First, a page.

Sketches of the risk visualizations. As much as these ideas seemed exciting, I needed expert advice to know if sketches were going in the right direction. Fortunately, the Division of Developmental Medicine at the University of Washington was available to provide feedback.

The success of this project depended on developing a strong relationship with medical researchers.

I made it a point to meet medical researchers weekly to discuss the designs. Through informal conversations with these experts I learned that the data display design had to accurately reflect:

9  risk levels
None, None to minimal, Minimal, Minimal to small, Small, Small to moderate, Moderate, Moderate to high, High risk.

3 other classifications
Unlikely risk
Undetermined risk
Multiple risks (e.g. Small risk or High risk depending on dosage, timing)

1st iteration
The risk scale made the interface look crowded. Gradient colors didn’t help users differentiate risks when quickly scanning a list of drugs. Also, the scale didn’t help explaining off-scale classifications such as ‘Undetermined.’

2nd iteration
I focused on labels to accurately define risks. A simpler palette helped to elucidate common risk interpretations. Blue means “ok,” yellow, “attention” and red, “careful!”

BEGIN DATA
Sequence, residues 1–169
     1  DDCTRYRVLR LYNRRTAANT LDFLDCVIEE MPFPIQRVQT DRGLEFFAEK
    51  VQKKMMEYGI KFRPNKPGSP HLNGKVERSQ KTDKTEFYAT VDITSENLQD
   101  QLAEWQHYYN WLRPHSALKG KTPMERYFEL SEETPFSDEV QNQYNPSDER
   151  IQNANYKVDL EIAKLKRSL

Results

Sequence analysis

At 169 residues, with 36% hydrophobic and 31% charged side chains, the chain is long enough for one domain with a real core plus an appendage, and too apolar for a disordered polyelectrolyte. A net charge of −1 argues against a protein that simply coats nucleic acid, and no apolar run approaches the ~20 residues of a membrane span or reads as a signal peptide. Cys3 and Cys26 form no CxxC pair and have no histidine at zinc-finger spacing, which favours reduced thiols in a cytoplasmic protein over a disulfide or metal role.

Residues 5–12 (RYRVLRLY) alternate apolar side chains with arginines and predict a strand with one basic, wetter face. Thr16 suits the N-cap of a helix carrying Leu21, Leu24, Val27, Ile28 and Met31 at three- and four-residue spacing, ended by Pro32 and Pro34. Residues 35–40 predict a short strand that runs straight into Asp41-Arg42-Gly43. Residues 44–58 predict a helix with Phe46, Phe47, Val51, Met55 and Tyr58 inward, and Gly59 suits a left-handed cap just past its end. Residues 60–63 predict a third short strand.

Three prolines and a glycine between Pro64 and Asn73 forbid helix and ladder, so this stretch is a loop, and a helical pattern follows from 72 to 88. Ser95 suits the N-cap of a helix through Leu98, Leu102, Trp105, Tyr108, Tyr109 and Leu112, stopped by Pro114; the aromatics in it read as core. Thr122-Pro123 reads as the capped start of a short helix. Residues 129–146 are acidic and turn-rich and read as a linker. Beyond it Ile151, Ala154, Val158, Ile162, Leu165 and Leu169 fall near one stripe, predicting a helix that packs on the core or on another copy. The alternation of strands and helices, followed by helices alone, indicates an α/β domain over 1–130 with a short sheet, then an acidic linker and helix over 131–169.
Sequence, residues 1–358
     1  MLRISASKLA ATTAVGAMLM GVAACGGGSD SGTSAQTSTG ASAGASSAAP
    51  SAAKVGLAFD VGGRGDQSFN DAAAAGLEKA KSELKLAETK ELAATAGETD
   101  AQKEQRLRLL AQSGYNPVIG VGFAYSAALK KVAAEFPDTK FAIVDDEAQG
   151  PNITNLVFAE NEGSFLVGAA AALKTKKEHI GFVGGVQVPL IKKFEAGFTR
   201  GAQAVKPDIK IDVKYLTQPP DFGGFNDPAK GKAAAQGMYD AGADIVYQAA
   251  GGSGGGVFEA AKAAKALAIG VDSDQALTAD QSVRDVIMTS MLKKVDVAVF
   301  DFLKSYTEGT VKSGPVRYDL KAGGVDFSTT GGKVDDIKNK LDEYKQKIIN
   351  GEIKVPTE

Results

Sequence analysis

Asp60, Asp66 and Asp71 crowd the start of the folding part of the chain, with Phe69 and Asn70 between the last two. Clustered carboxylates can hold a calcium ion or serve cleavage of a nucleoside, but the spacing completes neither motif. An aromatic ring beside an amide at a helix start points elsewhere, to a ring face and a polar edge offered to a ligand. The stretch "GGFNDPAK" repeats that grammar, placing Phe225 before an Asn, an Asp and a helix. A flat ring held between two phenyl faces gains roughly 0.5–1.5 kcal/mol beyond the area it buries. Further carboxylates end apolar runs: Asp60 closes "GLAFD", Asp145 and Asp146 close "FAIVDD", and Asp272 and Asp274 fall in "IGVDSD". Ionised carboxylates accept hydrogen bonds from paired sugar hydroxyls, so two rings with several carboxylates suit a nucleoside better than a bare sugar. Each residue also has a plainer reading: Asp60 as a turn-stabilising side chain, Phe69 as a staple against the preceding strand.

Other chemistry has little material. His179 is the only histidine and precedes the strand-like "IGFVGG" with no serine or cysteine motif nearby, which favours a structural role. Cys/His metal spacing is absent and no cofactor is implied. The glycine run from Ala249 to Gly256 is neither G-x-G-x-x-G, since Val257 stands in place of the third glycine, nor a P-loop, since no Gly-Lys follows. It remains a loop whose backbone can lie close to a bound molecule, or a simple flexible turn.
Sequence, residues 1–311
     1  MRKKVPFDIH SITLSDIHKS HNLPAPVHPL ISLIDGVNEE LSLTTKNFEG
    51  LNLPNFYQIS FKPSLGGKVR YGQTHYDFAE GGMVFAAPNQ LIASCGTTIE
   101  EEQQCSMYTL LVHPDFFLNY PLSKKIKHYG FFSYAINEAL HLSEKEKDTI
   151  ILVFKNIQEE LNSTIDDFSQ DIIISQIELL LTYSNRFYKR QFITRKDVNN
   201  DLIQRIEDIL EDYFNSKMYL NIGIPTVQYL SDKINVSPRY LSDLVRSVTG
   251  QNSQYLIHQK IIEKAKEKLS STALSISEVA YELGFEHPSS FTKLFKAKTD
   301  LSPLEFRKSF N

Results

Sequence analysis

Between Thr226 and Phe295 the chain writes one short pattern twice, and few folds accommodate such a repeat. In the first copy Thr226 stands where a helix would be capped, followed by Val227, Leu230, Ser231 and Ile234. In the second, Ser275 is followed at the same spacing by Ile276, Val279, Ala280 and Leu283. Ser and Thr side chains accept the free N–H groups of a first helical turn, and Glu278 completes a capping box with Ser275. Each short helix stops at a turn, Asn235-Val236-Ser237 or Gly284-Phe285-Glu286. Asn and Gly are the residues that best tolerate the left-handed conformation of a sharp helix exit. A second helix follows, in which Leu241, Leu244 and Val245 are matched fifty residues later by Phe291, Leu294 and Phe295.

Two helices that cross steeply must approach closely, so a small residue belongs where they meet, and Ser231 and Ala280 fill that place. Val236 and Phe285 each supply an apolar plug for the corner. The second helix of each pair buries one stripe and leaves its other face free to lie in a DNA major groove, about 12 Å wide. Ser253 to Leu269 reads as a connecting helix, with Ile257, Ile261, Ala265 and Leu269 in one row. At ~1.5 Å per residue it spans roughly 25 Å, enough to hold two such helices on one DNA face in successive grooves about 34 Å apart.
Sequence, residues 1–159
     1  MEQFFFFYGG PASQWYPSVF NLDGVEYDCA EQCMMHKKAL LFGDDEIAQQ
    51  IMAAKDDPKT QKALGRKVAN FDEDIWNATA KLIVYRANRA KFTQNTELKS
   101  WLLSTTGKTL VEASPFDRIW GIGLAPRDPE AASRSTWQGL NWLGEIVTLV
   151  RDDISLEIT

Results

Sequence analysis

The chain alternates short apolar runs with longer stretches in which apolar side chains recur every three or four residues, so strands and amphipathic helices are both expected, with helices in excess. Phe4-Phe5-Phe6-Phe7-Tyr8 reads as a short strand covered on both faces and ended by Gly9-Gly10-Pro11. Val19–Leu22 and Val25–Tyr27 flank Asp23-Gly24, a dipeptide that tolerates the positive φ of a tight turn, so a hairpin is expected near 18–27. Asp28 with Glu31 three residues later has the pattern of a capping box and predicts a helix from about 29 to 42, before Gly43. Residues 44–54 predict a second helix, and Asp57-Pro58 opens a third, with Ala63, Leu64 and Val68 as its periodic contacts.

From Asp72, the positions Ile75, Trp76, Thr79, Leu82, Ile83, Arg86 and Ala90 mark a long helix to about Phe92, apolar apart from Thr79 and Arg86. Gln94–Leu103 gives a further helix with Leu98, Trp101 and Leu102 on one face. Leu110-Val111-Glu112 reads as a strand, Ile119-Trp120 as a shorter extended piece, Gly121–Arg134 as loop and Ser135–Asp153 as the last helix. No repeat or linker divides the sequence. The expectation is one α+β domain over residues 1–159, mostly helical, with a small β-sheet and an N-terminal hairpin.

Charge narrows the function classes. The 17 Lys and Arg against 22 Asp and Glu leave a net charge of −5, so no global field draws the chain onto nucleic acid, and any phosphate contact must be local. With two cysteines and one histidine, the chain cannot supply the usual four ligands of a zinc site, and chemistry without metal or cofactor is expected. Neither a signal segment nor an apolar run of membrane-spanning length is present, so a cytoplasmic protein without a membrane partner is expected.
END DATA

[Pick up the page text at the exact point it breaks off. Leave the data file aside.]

3rd iteration
I removed the information on each agent to facilitate comparison of drug risks. I also tweaked the colors with help from color-blindness simulators, and more careful consideration of contrast.

4th iteration
Finally, I adjusted the tone of blue after participant feedback. Many participants mentioned that a brighter blue would appropriately suggest that a drug is not risky.

Risks are further detailed on the article pages. Each article has 4 main sections: Risks, Key points (if available), Evidence, and References.

Subtle design elements can facilitate discoverability. Note the Animal Data section divider, and the reference key.


Scenario 2
Accessing articles in different ways

Providers may want to find information on drugs in different ways. Depending on the case they are dealing with, it might make more sense to search for drugs names or category.

In addition, providers might be on-the-go, or sitting at their desk, which drastically changes the context of search and information consumption.

Here, the emphasis was on letting users quickly access articles in multiple ways, according to their needs and preferences.

The main screen shows drugs in alphabetic order.

Lists of drug categories are shown under the ‘Maternal indication’ tab. E.g. nausea and vomiting, depression.

Bookmarked articles or categories.
A chronologic list of searched drugs.